Subheading 9802.00.50, HTSUS, provides a partial duty exemption for articles returned to the U.S. after having been exported to be advanced in value or improved in condition by repairs or alterations. Such articles are dutiable only upon the cost or value of the foreign repairs or alterations, provided the documentary requirements of section 10.8, Customs Regulations (19 CFR 10.8) are satisfied. See 59 Fed. Reg. 25563 (May 17, 1994), for amendments to 19 CFR 10.8. However, entitlement to this tariff treatment is precluded in circumstances where the operations performed abroad destroy the identity of the exported articles or create new or commercially different articles. See A.F. Burstrom v. United States, 44 CCPA 27, C.A.D. 631 (1956), aff'g C.D. 1752, 36 Cust. Ct. 46 (1956); Guardian Industries Corp. v. United States, 3 CIT 9 (1982). Tariff treatment under subheading 9802.00.50, HTSUS, is also precluded where the exported articles are incomplete for their intended purpose prior to the foreign processing and the foreign processing operation is a necessary step in the preparation or manufacture of finished articles. Guardian; Dolliff & Company, Inc. v. United States, 455 F. Supp. 618 (CIT 1978), aff'd, 599 F.2d 1015 (Fed. Cir. 1979).

We have previously ruled that, under certain circumstances, cutting material to length can be considered an alteration within the meaning of subheading 9802.00.50, HTSUS. However, in situations where rolls of material-length merchandise are exported and finished goods are returned as a result of having been merely cut to length, this cutting constitutes a finishing step in the manufacture of the goods, and exceeds the meaning of the term "alterations." See HRL 555174 dated April 25, 1989 (decorative banners, bearing repetitive holiday greetings, cut at a right angle, were incomplete products as they were unsuitable for their intended use in the continuous lengths in which they were exported); HRL 555343 dated May 30, 1989 (jumbo rolls of multistrike coated film 34 inches in width and 20,000 feet long slit into ribbon material for use in plastic cartridges for data processing machines constituted an intermediate step in the manufacture of the computer tape which is essential to render it suitable for its intended use); HRL 555766 dated April 2, 1991 (fabric coated with acrylic and cut into 3 1/2 inch strips for vertical blinds was not complete for its intended use but required cutting for use as vertical blinds); and HRL 557162 dated May 12, 1993 (wiping towels shipped in 30 inch diameter rolls to Canada, where the material was folded, perforated, cut-to-length, and placed in dispensing boxes, and returned to the U.S. constituted "intermediate processing operations which are performed as a matter of course in the preparation or the manufacture" of the desired end product).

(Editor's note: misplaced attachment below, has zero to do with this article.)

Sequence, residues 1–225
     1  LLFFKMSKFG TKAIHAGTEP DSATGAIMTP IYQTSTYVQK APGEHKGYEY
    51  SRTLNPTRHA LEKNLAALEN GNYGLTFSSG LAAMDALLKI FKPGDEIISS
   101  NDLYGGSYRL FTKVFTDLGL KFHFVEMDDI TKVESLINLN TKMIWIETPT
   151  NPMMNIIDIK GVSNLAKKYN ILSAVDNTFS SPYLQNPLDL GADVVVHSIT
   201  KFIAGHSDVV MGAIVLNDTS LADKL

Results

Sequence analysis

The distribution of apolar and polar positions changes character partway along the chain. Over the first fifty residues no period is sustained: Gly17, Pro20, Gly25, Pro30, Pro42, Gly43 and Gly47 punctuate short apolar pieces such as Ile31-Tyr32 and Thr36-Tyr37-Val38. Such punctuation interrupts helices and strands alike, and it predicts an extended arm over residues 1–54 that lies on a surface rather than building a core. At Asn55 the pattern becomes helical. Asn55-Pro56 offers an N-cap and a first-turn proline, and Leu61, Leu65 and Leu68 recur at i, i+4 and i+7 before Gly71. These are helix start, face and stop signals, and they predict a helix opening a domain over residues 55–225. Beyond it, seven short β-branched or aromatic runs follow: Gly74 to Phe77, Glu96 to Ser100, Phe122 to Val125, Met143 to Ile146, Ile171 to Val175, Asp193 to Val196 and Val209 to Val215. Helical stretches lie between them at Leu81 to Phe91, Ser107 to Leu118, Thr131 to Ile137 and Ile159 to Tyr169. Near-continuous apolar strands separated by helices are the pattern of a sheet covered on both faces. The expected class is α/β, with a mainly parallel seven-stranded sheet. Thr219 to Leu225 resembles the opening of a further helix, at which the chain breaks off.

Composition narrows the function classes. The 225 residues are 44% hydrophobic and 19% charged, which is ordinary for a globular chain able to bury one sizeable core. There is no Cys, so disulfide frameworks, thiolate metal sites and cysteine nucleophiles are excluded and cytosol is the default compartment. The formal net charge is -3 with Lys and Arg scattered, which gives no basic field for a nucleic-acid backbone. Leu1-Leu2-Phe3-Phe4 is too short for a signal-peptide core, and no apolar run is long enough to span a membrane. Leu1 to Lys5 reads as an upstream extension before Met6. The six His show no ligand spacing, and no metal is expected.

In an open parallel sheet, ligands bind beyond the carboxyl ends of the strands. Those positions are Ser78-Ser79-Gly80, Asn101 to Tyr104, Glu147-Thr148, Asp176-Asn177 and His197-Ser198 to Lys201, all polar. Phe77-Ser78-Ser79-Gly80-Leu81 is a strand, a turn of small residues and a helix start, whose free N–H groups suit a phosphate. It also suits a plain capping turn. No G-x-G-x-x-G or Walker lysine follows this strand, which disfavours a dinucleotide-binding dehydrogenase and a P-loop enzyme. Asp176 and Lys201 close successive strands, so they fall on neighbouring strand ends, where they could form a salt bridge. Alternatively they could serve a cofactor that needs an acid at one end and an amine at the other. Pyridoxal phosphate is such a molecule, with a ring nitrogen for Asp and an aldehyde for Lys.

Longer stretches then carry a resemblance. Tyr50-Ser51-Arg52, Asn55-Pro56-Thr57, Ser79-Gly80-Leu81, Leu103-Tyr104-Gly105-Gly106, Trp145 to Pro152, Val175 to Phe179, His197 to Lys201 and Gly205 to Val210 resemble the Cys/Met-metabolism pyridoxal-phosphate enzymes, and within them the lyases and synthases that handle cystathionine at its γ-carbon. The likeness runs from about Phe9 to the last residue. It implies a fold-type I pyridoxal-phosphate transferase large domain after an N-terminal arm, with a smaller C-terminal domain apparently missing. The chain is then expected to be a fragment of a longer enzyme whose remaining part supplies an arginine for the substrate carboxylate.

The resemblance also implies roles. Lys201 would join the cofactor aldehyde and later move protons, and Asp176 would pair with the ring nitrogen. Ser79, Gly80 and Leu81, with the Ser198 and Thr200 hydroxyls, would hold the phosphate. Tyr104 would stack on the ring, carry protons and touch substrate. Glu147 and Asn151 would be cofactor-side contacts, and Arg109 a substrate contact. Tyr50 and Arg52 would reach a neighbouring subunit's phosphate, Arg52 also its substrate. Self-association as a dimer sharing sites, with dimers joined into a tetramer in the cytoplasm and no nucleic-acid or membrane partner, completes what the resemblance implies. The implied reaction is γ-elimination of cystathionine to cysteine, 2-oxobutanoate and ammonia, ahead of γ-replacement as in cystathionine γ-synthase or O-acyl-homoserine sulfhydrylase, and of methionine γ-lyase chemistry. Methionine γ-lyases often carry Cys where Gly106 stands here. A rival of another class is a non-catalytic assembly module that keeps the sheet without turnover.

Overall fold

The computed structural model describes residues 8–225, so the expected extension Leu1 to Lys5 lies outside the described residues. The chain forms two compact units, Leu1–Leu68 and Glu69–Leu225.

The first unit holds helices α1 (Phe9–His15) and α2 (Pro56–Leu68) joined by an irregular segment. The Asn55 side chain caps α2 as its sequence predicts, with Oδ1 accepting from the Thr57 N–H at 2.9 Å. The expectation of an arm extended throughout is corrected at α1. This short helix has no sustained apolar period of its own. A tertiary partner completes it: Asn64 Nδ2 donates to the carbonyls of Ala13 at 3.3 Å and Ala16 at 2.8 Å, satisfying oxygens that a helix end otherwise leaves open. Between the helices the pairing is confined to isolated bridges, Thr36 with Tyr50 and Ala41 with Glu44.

In each of these cases, the cutting of rolls of material to smaller lengths resulted in a new or different article suitable for its intended use. Applying these principles to the cutting operation performed in Japan, we are of the opinion that cutting the tire cord fabric from rolls into small fibers is not considered an acceptable alteration within the meaning of subheading 9802.00.50, HTSUS, but is rather a necessary operation in order to make it useful as a rubber composite reinforcement material in the production of automotive belts.


On the basis of the information submitted, the "cut fibers" imported into the United States from Japan are classifiable as articles of yarn of man-made fibers in subheading 5609.00.3000, HTSUSA. Goods classified herein are dutiable at 8.6 percent ad valorem.

Due to the changeable nature of the statistical annotation (the ninth and tenth digits of the classification) and the restraint (quota/visa) categories, you should contact your local Customs office prior to importation of this merchandise to determine the current status of any import restraints or requirements.

Furthermore, cutting the tire cord fabric into small cut fibers amounts to a step in the work necessary to finish the final product and constitutes a processing which exceeds an alteration within the scope of subheading 9802.00.50, HTSUS.

A copy of this ruling letter should be attached to the entry documents filed at the time the goods are entered. If the documents have been filed without a copy, this ruling should be brought to the attention of the Customs officer handling the transaction.


John Durant, Director
Commercial Rulings Division